It was a sickening move. He was clearly under team orders to hold back and yet he acted on his own impulse, threw caution to the wind and defied the hand that feeds him. I thought I would choke on my Corn Flakes. Such a thing would never happen at Sky…
That was how many of us reacted when watching Sebastian Vettel’s shifty overtaking manoeuvre on Red Bull team-mate Mark Webber to defy team orders coming over race radio and take a controversial win in Formula One’s Malaysian GP on Sunday.
“Multi 21, Seb. Multi 21.” These were the only words Webber – incandescent with rage – said to Vettel in the drivers’ room after the bad-tempered race, thought to be a reference to the Red Bull team code for holding station (a technical motorsporting term for ‘not racing’).
Perhaps, back in July last year when Chris Froome was riding hard on the final climb to Peyragudes in stage 17, it was a similar radio order that saw the Sky super-domestique check his speed and slow for team leader Bradley Wiggins.
“Multi 21, Chris. Multi 21. Chris, Multi 21!” the order would have come through the earpiece on the three occasions young buck Froome opened up a tantalising gap over the yellow jersey of the veteran trying to hold his wheel.
Hours after Vettel put points before friends and team morale, Sky were going about their usual business of pretty much bleeding everyone else dry on the final two climbs of the day on the deciding stage of the Criterium International.
“People get carried away with the whole machine/robot kind of thing but at the end of the day, they are human beings,” said Sky manager Dave Brailsford a fortnight ago after Tirreno-Adriatico.
And yet, there were Sky doing their best not to de-humanise the race by setting what most French-language websites describe as an “infernal” pace. Joe Dombrowski, Jon Tiernan-Locke, Xabi Zandio and Kostanstin Siutsou all pulled hard on the front to chase down a break that included – rarity of rarities – Andy Schleck.
Then, Vasil Kiryienka – a new recruit from Movistar over the off-season – was in no way machine-like or robotic in decimating the field “to get us to that point where Froomey and I can attack at the end,” as described by Richie Porte, who had taken the race lead on Saturday after a second time trial victory in as many weeks.
Best buddies Porte and Froome rode hard together before there was a potential Vettel-Webber moment when last year’s Tour de France runner-up put in a huge dig and dropped the yellow jersey – before riding off into the sunset up the Col de l’Ospedale to take the stage and overall victory.
Tasmanian Porte finished with a flourish to secure a double one-two for Sky – in both the stage and on GC. It was a job well done which “panned out more or less how we expected,” according to Froome. Porte agreed. “Tactically we were spot on today,” he said without any rancour at having lost the maillot jaune to his team-mate.
“The only important thing was that Team Sky won today. It’s always special to get a one-two on the podium, especially given the strength of the field we had here, and we’re super happy.”
One-twos are becoming something of a habit for Sky following their performance in the 2012 Tour and now here in Corsica. In fact, one-twos are becoming so old hat that expectations have grown.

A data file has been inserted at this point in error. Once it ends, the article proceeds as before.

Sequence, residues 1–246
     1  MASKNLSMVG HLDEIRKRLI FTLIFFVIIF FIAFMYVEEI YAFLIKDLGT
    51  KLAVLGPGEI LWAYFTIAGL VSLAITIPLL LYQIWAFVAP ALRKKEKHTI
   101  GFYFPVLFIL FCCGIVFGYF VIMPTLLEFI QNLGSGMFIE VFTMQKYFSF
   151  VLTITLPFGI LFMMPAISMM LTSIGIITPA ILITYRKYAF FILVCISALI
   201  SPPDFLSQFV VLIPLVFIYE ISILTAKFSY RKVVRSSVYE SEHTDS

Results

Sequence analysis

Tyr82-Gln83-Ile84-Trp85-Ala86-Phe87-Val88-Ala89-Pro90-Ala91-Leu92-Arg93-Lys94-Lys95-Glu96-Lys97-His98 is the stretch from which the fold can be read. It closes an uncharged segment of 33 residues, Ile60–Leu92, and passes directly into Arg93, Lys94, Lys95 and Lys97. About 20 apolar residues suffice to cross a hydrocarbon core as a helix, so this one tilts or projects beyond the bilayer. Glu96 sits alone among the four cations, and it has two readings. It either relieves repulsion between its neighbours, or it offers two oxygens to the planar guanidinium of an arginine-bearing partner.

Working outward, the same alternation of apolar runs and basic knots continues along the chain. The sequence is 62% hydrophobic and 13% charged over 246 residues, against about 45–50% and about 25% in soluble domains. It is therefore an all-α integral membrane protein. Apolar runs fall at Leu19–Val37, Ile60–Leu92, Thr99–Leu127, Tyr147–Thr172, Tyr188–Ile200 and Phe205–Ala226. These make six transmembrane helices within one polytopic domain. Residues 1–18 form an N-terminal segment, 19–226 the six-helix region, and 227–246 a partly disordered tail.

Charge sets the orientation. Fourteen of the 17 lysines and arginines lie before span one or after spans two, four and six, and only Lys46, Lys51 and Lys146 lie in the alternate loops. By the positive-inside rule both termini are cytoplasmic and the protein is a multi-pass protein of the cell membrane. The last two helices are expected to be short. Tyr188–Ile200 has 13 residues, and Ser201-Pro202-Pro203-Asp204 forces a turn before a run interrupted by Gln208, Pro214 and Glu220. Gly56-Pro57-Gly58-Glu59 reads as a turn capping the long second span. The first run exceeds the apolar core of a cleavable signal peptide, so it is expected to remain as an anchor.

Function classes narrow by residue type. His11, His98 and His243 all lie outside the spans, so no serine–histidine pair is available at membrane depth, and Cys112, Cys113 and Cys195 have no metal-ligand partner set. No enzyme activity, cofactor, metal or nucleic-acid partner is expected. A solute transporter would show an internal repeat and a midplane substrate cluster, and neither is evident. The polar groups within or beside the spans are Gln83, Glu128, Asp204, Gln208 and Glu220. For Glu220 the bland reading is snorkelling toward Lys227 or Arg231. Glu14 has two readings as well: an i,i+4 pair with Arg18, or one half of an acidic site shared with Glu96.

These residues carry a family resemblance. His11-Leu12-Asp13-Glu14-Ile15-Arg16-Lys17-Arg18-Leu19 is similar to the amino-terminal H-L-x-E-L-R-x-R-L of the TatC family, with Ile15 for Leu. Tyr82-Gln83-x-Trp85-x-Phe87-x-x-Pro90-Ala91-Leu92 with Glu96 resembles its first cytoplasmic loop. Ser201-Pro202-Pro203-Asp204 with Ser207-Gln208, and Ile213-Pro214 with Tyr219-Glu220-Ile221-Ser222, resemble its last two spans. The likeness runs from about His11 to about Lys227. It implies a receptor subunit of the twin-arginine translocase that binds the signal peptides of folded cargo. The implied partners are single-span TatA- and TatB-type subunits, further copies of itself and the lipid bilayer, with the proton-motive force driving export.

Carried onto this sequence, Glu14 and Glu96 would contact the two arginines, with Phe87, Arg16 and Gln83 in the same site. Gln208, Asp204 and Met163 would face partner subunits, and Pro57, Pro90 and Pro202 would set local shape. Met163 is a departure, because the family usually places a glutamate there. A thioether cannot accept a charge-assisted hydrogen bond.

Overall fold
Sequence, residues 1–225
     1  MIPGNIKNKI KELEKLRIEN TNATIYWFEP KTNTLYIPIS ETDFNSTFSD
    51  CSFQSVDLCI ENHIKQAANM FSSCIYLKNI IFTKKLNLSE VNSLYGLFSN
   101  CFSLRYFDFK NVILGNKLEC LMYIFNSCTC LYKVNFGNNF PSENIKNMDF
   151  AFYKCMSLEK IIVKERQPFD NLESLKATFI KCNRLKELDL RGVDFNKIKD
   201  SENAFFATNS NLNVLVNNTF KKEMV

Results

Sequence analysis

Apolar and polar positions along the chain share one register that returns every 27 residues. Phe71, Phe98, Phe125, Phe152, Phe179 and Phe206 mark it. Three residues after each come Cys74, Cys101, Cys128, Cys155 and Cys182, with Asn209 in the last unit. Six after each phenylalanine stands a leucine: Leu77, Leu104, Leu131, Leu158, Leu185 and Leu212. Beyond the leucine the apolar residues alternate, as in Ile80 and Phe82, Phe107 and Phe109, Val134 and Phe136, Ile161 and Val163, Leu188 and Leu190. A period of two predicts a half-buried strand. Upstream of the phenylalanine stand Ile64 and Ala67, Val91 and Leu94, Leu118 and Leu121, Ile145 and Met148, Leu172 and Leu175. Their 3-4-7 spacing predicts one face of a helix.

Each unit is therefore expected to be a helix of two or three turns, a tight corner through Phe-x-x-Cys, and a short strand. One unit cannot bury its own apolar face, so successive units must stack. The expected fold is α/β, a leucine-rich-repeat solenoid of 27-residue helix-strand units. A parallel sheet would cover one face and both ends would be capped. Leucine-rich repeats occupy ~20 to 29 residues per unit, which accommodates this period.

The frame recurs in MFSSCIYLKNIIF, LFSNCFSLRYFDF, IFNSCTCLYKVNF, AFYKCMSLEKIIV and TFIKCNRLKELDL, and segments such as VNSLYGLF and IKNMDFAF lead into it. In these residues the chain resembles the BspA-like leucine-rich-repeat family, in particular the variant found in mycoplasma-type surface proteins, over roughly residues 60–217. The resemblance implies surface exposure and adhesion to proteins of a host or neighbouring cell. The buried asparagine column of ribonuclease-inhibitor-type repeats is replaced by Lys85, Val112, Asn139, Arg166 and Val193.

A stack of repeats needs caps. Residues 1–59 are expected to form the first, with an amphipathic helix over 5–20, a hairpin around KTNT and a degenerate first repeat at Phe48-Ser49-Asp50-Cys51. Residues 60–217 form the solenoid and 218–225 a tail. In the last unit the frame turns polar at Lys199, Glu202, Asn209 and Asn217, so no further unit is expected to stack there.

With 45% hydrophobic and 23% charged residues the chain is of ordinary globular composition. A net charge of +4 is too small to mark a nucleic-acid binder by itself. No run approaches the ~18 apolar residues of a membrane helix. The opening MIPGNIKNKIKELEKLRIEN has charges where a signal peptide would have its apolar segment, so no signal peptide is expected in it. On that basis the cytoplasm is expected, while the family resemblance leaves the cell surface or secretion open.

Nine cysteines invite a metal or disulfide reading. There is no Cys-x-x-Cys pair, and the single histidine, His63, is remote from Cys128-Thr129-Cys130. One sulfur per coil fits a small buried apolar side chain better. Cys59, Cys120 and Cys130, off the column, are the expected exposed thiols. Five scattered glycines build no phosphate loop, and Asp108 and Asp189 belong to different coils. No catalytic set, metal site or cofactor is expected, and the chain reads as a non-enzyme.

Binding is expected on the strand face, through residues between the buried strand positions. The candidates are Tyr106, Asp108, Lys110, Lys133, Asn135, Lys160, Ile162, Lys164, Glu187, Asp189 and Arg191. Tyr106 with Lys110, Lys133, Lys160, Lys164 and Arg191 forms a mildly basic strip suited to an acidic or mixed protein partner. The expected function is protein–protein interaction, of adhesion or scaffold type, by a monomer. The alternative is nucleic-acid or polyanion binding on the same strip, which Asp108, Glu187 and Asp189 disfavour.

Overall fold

According to a top secret source – a former adjoint sous chef currently on an 80-day rolling contract to source the best pasta and rice grains ahead of the Giro next month – Sky have visions of turning entire podiums black and blue and Rapha-hued.
“We all know that the original plan at Sky was ‘to create the first British winner of the Tour de France within five years’,” said the deputy chef’s assistant.
“Now, the use of the verb ‘create’ is a bit unfortunate there – especially for a team management bent on discrediting the notion that its riders can be built and programmed like robots – or, if you will, created like some kind of gastronomic dish.
“Anyway, I digress. They downgraded that aim to simply winning the Tour within five years – wholly needlessly, it turned out, because a British rider (albeit one created in Belgium) did manage to do that within a couple of years.”
Seeing two riders on the top rungs of the podium in Paris gave the ambitious Brailsford new ideas.
“They all went off and did the Olympics, tra la la, but it was clear that Dave was planning his next move. Which is quite simple: to have three – and not two – Sky riders on the podium in the Tour.”
The plan for July is for friends Froome and Porte to top the podium and Wiggins to take the third rung after himself winning the Giro (ideally ahead of Colombians Rigoberto Uran and Sergio Henao).
“It may sound crazy,” said the culinary source, “but actually that’s just the start of it. The ultimate aim is to send an entire nine-man team to the Tour and to place them in the top ten. That’s why Cavendish was flogged – they tried to test out his climbing ability last year, but Tim Kerrison decided that Cav couldn’t swim very well and was definitely never top-ten material and so wholly surplus to requirements.”
As such, the likes of Dario Cataldo, Uran and Henao are being conditioned to ride so ably as super-domestiques that they place themselves in the top ten by dint of everyone else in the peloton being completely shanked after three weeks of hell.
“You could say the Colombians and Darius – as we call him in the kitchen – are being groomed for their roles. In fact, chez Sky we actually call it being ‘froomed’ now.”
Such lofty ambitions bordering on the dictatorial have not made Brailsford lose his sense of humour, however.
“Dave had a bet with Sean Yates that, whoever the other rider is who finishes in the top ten alongside our nine boys, Sky will sign – regardless of his team or cost, provided his provenance checks out okay and he’s not mates with Bobby Julich.
“But you see, that’s what will make the whole thing exciting and keep the suspense going right to the end.”